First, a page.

The family of a woman suffering from cerebral palsy said their daughter allegedly suffered “repetitive instances of abuse” while she attended school in the Washtenaw Intermediate School District in Ann Arbor, Michigan.
They are now suing the school district.
A federal lawsuit, filed on behalf of Rosa Smith, now 26, claimed a teacher used duct tape to close her mouth because she was making too much noise in her special education classroom.
The family also attached a photo of Smith taken at the March 2016 incident at Ann Arbor High Point special needs school, which was reportedly texted by a teacher named Nesa Johnson to the student’s mother.
The photo showed Smith's mouth taped shut with the caption that read: “Help. She won’t be quiet!!!!”
Smith's attorney said this was part of a pattern of abuse toward the 26-year-old, who also has cognitive disorders, a history of seizures and is unable to move her hands and arms.
The school district’s former principal, teachers and teacher aides are all named in the federal lawsuit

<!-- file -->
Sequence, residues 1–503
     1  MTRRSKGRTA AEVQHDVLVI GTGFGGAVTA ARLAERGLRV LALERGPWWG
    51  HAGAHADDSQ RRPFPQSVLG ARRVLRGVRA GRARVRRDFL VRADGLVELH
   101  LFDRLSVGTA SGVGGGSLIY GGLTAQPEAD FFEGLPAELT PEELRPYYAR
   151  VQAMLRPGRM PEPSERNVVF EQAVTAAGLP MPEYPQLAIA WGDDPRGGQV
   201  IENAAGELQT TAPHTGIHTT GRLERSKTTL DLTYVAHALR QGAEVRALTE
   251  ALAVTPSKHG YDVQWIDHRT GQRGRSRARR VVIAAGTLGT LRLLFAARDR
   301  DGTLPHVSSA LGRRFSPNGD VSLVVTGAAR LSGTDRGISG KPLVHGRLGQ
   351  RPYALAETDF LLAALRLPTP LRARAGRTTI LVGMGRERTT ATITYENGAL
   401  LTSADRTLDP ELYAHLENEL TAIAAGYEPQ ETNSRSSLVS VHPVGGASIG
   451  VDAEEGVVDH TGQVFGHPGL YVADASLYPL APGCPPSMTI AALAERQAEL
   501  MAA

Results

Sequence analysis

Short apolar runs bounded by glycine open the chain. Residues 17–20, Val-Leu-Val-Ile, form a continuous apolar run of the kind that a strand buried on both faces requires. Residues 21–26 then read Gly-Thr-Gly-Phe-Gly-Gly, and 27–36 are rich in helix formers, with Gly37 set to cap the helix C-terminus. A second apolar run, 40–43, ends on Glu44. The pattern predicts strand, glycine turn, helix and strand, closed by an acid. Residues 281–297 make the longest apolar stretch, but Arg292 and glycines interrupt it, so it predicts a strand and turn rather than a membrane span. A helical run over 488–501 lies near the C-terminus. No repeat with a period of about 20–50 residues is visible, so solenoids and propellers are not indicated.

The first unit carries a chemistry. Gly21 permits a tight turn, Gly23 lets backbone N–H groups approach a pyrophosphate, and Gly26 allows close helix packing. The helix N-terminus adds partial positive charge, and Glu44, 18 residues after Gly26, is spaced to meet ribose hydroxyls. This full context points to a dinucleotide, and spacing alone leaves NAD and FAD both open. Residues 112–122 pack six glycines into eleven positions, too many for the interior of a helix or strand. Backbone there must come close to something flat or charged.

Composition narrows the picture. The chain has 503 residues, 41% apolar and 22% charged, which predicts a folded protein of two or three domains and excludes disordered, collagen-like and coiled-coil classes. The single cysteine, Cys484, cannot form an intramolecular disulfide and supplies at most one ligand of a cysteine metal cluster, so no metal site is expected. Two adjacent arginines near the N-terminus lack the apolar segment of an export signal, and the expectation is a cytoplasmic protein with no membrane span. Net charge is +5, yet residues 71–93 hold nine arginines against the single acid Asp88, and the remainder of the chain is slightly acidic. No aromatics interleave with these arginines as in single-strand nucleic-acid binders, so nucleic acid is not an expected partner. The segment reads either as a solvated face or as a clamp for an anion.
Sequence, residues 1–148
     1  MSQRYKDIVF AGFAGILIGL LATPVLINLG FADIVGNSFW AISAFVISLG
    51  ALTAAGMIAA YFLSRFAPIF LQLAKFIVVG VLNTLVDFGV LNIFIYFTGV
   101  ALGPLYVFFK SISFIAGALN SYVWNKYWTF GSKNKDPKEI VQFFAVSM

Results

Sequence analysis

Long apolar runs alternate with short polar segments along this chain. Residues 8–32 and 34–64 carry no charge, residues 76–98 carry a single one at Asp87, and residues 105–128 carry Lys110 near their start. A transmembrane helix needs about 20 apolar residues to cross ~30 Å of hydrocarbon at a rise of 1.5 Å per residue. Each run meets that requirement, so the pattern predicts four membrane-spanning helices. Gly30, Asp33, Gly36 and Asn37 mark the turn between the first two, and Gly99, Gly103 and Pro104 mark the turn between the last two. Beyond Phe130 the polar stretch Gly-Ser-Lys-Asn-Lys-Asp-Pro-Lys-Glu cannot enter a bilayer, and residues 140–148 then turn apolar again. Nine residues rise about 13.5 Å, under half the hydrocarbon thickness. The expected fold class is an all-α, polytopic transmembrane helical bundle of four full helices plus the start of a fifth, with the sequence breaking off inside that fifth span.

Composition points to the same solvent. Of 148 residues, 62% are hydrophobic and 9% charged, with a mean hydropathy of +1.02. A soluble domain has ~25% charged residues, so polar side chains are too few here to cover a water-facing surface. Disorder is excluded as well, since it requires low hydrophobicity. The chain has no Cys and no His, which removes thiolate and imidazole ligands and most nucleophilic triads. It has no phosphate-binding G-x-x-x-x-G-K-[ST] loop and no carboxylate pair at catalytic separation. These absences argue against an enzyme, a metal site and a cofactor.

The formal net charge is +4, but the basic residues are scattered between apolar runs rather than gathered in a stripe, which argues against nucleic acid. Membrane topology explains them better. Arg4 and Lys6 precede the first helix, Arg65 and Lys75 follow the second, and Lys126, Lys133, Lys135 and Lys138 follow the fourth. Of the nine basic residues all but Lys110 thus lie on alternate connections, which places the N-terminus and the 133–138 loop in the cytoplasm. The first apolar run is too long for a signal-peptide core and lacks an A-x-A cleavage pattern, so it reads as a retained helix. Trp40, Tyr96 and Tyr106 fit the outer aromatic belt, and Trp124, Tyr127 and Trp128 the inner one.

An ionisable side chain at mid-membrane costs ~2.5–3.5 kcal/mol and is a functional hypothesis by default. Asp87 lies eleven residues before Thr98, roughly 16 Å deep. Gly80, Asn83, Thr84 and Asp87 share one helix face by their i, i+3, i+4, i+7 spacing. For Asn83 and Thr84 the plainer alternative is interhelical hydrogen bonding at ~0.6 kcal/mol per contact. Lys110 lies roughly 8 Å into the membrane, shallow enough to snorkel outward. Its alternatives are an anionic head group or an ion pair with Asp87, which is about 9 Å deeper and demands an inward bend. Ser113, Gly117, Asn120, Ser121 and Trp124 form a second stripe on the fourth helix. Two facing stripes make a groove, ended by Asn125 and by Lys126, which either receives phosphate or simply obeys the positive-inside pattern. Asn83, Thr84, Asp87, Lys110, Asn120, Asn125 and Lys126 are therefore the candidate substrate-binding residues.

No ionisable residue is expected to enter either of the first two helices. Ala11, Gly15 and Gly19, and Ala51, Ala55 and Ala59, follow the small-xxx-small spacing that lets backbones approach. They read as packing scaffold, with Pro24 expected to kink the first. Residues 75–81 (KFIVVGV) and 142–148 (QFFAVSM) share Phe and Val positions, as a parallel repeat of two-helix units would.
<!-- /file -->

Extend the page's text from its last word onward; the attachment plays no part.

However, Washtenaw Intermediate Schools said no complaints were made by the family until nearly a year later.
“As to the subject of this lawsuit, the family did not report this, or any other complaint to the district until nearly a year after it occurred,” said the district in a statement. “We take the health, safety and education of all of our students very seriously.”
"This one is absolutely disgusting and appalling," said Smith’s attorney Jonathan Marko.
In an interview with a local news outlet, Marko said faculty would often blame Smith for the abuse she allegedly suffered.
“They blamed Rosa for scalding hot coffee being poured on her. They blamed Rosa for coming home with bruises on her. They even blamed Rosa for being too loud, and that’s why they had to gag and bound her,” Marko said.
The lawsuit further alleges, in February, a staff member allegedly slapped Smith in the face several times “in plain view” of other students and faculty members. Smith’s bus driver witnessed the assault and later notified her mother.
Smith withdrew from High Point School and now receives full-time care and instruction from her parents at home, who are retired.